Tapping into biodiversity credits

Tapping into biodiversity credits

Keen to learn how to tap into opportunities in the NSW biodiversity credits market?

It is now easier to find out more about this growing market and access support to create biodiversity credits.  

NSW Farmers has teamed up with the Credits Supply Taskforce to introduce farmers to opportunities in the NSW biodiversity market and how to access them. The Taskforce works with landholders to establish Biodiversity Stewardship Agreements (BSAs) to create biodiversity credits, which can then be sold by the landholder.

There will be two workshops for farmers in May. The first will be in Wagga Wagga on Thursday, 4 May, 9.30am to 12.30pm, and the Dubbo RSL Club will host the second workshop on Wednesday, 17 may, 9.30am to 12.30pm. Please arrive from 9.00am to 9.30am.  Morning tea is provided.

Register your interest in attending one of the workshops here.

Each workshop will include guest speakers that address:

  • How farmers can generate and sell biodiversity credits
  • How biodiversity opportunities can be integrated with other farming activities
  • The benefits for landholders in receiving revenue and funds for land management
  • The opportunity for environmental benefits
Sourcing biodiversity credits can complement other farming activities and develop a revenue stream.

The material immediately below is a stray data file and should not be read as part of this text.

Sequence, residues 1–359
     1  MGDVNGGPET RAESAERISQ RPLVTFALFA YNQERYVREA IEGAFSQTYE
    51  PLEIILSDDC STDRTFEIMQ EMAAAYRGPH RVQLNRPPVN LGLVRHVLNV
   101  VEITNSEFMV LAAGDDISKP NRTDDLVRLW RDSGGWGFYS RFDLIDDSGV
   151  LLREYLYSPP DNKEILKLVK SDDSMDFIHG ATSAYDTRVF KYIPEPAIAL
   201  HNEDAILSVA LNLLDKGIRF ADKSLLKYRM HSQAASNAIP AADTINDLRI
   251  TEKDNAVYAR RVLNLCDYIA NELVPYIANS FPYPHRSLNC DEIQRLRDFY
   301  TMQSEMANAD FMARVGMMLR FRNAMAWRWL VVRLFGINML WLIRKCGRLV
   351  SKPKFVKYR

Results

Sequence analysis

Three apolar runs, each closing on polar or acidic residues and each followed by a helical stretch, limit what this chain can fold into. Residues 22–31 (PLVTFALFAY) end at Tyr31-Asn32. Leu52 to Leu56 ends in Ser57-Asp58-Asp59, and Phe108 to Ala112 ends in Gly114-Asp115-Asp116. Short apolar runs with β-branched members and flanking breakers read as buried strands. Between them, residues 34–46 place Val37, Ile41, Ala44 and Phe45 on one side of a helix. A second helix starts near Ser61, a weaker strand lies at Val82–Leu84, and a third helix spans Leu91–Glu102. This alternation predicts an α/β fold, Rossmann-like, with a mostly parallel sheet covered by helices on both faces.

Sourcing biodiversity credits can complement other farming activities and develop a sustainable and reliable revenue stream.

Biodiversity credits are generated through a Biodiversity Stewardship Agreement (BSA), which is a legal agreement between the owner of the land and the Minister responsible for the Biodiversity Conservation Act 2016.

The sale of credits provides funding for landholders to improve the management of pests, weeds and fire and restore habitat.

Landholders can sell credits on the open market or through the new Biodiversity Credits Supply Fund (the Fund) which makes it easier to sell credits. The Fund buys credits based on demand from development and infrastructure projects. Credits can also be purchased for philanthropic or strategic purposes.

Many farmers across NSW have shown interest in stewardship agreements to farm biodiversity. There are opportunities to do this in ways that complement other farming activities and develop a revenue stream.

What are biodiversity credits?

Biodiversity credits are a unit of measurement for predicted improvement in biodiversity value (or gain) at a stewardship site. The number and type of credits able to be generated by a farmer depends on a site assessment and application of the Biodiversity Assessment Method (BAM) by an accredited assessor.

Credits can be generated for ecosystems, such as woodlands, wetlands or grasslands, and threatened flora and fauna species, such as Barking Owl, Eastern Pygmy Possum and Squirrel glider.

Farmers who have created the credits can sell to a variety of biodiversity market participants. A typical buyer could be a developer needing to offset their projects’ impacts on biodiversity. Other buyers could be government bodies using the market to achieve conservation outcomes or philanthropic organisations.

The price for biodiversity credits is determined by the market participants (credit sellers and credit buyers). You can see past prices on the Market Sales Dashboard. The minimum price needs to provide enough money to provide the landowner with long-term management payments (known as the Total Fund Deposit).

Read more about how farmers can cash in on natural capital here.

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